--Mayor

Sonny

Well-Known Member
&gt;I am now suggesting that we use another valid system to yield additional
&gt;information just as the count system does in the decisions surrounding Basic
&gt;Strategy.

But what if your new system contradicts what the count tells you to do? Will you stick to the count-based decision or will you put your faith in this new system and play on a hunch?

&gt;There is no longer an incorrect answer to our decision.

If you are deviating from your count-based decisions (a deviation from your BS deviations, if that makes any sense) then there IS an incorrect answer. If you already have the correct answer, why bother to agonize over "how right" it is? If you have this kind of free time and free mental energy at the tables, add another side count or something.

&gt;It intuitively seems that a system need not be wonderful to have a better
&gt;performance that 50/50.

Agreed. In fact, most commercial counting systems have roughly a 60/40 playing efficiency. Perhaps your system could increase this marginally, but there are much better (and easier) ways to improve overall performance (playing faster, more indecies, side counts, tracking/sequencing, etc.).

Since you are looking for "an open discussion of its [your new system] merits and weaknesses", I would suggest that you focus your intellegence on another aspect of the game. Your new system will not increase your EV nearly enough to be worth the extra effort.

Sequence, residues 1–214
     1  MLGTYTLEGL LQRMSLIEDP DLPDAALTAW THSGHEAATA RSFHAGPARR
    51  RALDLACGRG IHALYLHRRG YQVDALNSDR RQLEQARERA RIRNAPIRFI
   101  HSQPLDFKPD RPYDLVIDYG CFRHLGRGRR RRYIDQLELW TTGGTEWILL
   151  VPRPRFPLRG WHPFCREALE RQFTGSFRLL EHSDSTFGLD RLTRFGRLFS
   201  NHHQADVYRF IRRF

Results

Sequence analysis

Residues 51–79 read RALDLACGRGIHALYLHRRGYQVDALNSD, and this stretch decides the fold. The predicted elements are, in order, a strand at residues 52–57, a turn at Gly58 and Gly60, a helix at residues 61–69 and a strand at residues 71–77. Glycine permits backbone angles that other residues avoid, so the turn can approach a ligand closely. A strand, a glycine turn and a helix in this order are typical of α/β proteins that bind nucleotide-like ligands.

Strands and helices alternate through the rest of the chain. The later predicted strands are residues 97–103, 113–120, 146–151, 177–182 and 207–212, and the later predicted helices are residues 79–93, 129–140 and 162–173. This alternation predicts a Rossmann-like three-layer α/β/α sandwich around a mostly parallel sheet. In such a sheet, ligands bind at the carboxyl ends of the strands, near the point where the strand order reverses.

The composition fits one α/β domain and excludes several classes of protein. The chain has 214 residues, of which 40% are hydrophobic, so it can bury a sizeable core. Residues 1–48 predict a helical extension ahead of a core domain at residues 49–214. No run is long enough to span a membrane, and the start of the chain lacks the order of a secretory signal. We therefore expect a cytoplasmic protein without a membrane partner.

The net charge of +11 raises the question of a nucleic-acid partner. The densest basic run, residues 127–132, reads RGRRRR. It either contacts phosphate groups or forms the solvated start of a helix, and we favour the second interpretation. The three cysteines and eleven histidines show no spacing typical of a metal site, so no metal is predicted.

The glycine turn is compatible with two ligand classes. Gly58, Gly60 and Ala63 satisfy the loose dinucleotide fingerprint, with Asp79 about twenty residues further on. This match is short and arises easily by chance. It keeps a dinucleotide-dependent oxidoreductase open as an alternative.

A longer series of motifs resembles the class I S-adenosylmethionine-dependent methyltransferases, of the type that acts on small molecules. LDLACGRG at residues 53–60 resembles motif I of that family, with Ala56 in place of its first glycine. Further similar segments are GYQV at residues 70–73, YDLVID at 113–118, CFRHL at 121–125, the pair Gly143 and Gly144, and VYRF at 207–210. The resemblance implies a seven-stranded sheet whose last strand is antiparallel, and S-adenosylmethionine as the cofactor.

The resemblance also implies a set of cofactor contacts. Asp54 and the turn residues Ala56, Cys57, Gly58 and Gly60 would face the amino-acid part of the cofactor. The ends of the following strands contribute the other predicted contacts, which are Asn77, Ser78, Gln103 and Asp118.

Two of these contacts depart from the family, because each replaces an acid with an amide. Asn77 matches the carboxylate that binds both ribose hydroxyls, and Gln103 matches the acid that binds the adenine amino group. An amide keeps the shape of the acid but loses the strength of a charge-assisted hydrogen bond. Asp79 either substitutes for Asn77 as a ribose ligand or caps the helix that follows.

But don't let this discourage you. You are obviously trying to put a new spin on an old game. That is commendable. I just want to make sure you turn into a Wong or Schlesinger, not a John Patrick.

-Sonny-

Stephen Bauer

Member
Dear Mayor,

Thank you for your contribution to my thought experiment. I have read your resume and was very impressed with both your credentials and your thoughtful and enlightening posts.

I cannot tell you which numbers will be selected in a lottery however i will make book with you that the sum of the random numbers selected will cluster about some centerpoint and that the standard deviations will follow the bell curve. The random card removed is not indepenfent. If i have only two cards a ten and a two they total 12 pips. If I play the 10 the total nuimber of pips that remain in the deck will be 2 divide that by the number of cards remaining (1) and the prediction for the remeining card is 2. Count the number of pips on deck (shoe) divide by the number of cards in the deck (shoe). This is the average number of pips on a card. If i get a card that has more pips than average the remaining cards now have less pips than average. So using your example I have 3 10s and if the pip average were 7.5 pips per card my remaining deck which the hole card is a part of will be short 7.5 pips and most likely to be the new reduced average of the remaining deck. For Example in this case less than a 7.5. I would be expecting a small card. I have 20 dealer has a ten and a presumed small card. I'm staying. I am suggestiong this only as a brainstorming technique to get all the great minds we have here working on our common problem of dealing more efficiently with stiff hands. Mayor you have the brains to give us a system based on the number of pips remaining in a deck with indexes on how many pips it takes to vary strategy. I leave it mayor to your great mind to determine many pips an ace has one or 11. LOL

With great resspect,
Stephen Bauer

alienated

Well-Known Member